The movie’s connections to Kyle’s autobiography are largely unimportant, unless you have strong feelings one way or the other about the man himself. At this point, you’re enough of a grownup to assume a biopic is going to tell the story it wants to tell. In this case, it’s another biopic from Eastwood that could have told a more interesting story, if only it could have gotten to the point a little sooner. Bradley Cooper stands at the center of American Sniper, and gives a performance that is pretty much in step with the rest of the movie. It’s not great. It’s not terrible. It is extraordinary average, which is unfortunate, given that Cooper is generally excellent. He will probably win an Oscar sometime (and it will probably happen before DiCaprio gets his) soon. Hopefully, it will not be for this. It would be a shame if his due was attached to a movie that people will indeed forget soon enough, in the same way that people forget most of the movies Eastwood has directed over the past few years.
As for Eastwood himself, he’ll probably just go back to work. His movies remain watchable, and American Sniper is most certainly that, but it would be nice to see one more really great film from him.
The Babadook (2014): A-
Bless the deranged hearts of everyone involved in the making of this Australian horror film, one of the best genre pieces to come out in the 2010s, and one of the best mind fucks to come down the pike in the past couple of years.
William Friedkin has been raving about The Babadook (written and directed by Jennifer Kent, who now has my undivided attention), and I can see why. It’s a straightforward story of a widowed, sleepless mother (Essie Davis, in a performance that evokes a frighteningly relatable horror movie protagonist vibe), frantically trying to manage her young son (the flat-out-fuck-is-that-kid-creepy Noah Wiseman) and his increasingly unsettling behavior. When the boy’s behavior becomes ever the more fixated on a boogeyman known as The Babadook, things move into uncertain territory, and that’s where we stay for the rest of the movie.
The Babadook is so sublime because it works on two levels. As an example of how people deal with grief, particularly a widowed parent and a young child, it offers insight that we would rather not face in such a direct fashion. As a ghost story, a monster movie, or a rapid, crazed psychological thriller (the film is really all three of these things), The Babadook is in the grand tradition of the best of horror. It’s minimalist, performance-heavy, character-driven, and richer in atmosphere than the entire Paranormal Activityfranchise combined. Watch it. Watch it twice. It’s that good.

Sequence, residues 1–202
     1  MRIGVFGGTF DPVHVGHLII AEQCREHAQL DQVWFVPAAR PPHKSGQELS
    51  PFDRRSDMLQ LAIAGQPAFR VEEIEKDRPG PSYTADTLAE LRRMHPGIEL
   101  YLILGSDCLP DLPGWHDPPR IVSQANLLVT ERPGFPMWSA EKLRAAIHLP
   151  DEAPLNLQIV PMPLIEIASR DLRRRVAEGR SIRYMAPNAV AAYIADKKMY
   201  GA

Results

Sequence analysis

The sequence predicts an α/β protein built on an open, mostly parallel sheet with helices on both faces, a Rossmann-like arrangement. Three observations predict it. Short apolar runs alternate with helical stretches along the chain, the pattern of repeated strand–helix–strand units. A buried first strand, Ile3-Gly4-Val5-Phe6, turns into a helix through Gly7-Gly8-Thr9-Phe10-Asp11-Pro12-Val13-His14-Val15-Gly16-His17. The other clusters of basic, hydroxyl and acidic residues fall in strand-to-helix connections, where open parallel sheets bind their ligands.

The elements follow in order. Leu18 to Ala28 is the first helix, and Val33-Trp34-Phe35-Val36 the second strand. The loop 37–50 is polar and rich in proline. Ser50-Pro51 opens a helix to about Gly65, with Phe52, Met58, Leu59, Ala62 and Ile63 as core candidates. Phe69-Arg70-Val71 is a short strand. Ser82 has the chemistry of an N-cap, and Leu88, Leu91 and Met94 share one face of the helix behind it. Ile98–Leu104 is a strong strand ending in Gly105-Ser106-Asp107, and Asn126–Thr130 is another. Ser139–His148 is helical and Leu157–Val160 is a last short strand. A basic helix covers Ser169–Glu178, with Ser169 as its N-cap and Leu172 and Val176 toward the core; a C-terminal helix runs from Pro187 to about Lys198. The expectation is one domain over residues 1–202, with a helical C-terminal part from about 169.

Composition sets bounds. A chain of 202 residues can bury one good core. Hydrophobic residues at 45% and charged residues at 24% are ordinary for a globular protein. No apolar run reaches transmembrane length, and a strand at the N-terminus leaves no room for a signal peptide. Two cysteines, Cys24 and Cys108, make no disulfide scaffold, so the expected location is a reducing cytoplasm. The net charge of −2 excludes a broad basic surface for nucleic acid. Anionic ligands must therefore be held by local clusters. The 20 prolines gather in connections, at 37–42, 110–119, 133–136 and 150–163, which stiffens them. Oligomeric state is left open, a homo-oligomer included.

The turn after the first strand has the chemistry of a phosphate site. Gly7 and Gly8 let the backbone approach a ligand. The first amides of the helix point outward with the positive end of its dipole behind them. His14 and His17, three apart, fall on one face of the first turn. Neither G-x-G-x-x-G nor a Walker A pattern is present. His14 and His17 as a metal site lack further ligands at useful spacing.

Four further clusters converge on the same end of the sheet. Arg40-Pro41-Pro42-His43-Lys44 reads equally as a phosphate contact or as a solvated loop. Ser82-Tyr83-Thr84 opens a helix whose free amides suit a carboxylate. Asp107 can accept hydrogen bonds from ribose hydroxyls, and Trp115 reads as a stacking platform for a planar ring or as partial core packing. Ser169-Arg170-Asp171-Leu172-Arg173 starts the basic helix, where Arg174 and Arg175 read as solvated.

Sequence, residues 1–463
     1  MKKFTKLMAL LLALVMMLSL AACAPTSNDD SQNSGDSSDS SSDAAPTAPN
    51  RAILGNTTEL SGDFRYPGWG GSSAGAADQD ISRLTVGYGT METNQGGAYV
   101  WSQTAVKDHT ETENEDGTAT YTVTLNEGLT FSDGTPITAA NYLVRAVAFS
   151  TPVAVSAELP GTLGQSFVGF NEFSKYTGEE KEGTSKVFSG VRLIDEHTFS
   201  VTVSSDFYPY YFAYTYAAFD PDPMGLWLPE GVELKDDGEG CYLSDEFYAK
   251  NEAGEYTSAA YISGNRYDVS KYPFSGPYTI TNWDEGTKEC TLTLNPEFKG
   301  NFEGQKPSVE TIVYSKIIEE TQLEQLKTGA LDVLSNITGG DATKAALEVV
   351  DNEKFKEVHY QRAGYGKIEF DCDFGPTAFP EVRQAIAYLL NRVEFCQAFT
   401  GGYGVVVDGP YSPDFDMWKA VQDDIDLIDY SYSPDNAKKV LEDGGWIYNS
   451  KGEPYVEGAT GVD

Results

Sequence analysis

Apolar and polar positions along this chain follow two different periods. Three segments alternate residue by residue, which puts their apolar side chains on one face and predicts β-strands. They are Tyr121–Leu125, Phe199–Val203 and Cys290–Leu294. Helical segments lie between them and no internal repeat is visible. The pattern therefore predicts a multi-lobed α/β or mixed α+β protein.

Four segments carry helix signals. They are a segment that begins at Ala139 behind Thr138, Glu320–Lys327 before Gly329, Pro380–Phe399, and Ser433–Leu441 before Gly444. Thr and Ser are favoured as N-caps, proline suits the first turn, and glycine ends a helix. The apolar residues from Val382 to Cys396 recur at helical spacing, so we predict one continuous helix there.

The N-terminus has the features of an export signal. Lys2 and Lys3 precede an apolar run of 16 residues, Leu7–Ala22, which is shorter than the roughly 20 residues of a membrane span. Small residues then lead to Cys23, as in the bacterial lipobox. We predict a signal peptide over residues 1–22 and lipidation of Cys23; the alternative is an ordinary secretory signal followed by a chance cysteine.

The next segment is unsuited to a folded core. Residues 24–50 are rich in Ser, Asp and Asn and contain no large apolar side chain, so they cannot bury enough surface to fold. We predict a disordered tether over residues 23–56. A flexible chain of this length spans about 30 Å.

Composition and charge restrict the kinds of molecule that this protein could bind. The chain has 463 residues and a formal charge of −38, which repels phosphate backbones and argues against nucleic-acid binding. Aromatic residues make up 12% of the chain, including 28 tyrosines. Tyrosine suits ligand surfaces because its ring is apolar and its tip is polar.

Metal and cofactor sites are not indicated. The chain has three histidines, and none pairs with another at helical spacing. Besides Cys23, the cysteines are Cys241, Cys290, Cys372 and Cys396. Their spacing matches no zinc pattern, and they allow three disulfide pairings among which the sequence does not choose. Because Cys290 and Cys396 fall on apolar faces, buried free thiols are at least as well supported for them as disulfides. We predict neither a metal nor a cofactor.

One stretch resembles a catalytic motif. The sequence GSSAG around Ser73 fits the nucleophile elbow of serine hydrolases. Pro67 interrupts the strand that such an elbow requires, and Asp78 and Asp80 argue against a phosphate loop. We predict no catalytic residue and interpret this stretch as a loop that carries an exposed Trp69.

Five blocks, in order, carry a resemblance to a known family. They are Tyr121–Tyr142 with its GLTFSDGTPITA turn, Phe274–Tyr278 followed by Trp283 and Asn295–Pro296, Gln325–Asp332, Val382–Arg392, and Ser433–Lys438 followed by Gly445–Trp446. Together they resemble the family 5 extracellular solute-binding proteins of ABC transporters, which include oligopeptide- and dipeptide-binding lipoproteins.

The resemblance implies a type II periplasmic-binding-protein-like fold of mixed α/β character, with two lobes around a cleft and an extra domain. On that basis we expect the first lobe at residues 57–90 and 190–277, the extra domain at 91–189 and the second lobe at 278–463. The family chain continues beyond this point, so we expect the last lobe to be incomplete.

Paddington (2014): B-
Unless you’re a fan of the Michael Bond books (like me) or have small children, it’s hard to recommend Paddington on face value. Go beyond face value, and you’ll probably be glad you did. Adults who do take their kids to see this, and have no idea about an iconic U.K. book series about a small bear from Peru trying to make his way in London, are at least going to be surprised at how pleasant the movie is.
Paddington wins out with nicely-handled fish-out-of-water humor, good voice acting from Ben Wishaw as Paddington Bear, and comments on the value of family that aren’t as obnoxious as most movies aimed at the kiddie market. The only strange note to be found throughout Paddington is in the form of an unnecessarily creepy villain performance from Nicole Kidman. The rest of Paddington is a kid’s movie with an unexpectedly high degree of sincerity and humanity.
The Wrath of God (1972): C-
Not to be confused with the Werner Herzog classic Aguirre, the Wrath of God, which was released in the same year, this largely-forgotten 1972 film with Robert Mitchum and Frank Langella is kind of a mess. If you want to try and figure it out, you’re welcome to try.
Mitchum is a bank robber posing a priest, and then he gets out of a death sentence, and gets a job taking out a local criminal. Beyond that, I have no idea what’s going on in what could perhaps be called a western noir. Whatever it is, it’s awfully goddamn silly, and awfully goddamn fun. If you want to just watch Robert Mitchum not give a fuck, Frank Langella not know what’s going on (but soldiering on anyway), and Rita Hayworth in her final film appearance, The Wrath of God is worth digging up.
Whiplash (2014): A+
I had a teacher who once called me a “f****t, but that experience doesn’t quite compare to what Miles (the next Mr. Fantastic/Reed Richards) Teller’s character Andrew goes through, as he finds himself dealing with a psychotic, abusive mentor in J.K. Simmons. In facing this man who Andrew believes holds the keys to the jazz fame kingdom, this impressionable, impassioned character has an opportunity to decide whether or not he really, really wants to be a drummer.
A lot of the attention this movie is getting revolves around Simmons’ teacher/mentor (“mentor” being used in the loosest sense of the word). That’s fine. Simmons has a legitimate shot at winning a Best Supporting Actor Oscar, and it’s about time this actor of considerable depth, range, and reliability got a substantial due from his community. That said, Miles Teller matches Simmons’ sharp, combative energy in every single scene. We learn a lot about him, over the course of the film. We have a clear image of the molding clay that he exists as in the beginning, and we see what is done with those raw materials, in terms of what he is willing to do, and what he is willing to sacrifice.
In short, Whiplash is tireless, beautiful energy from Damien Chazelle, and it is two great actors squaring off. One of the absolute best of 2014.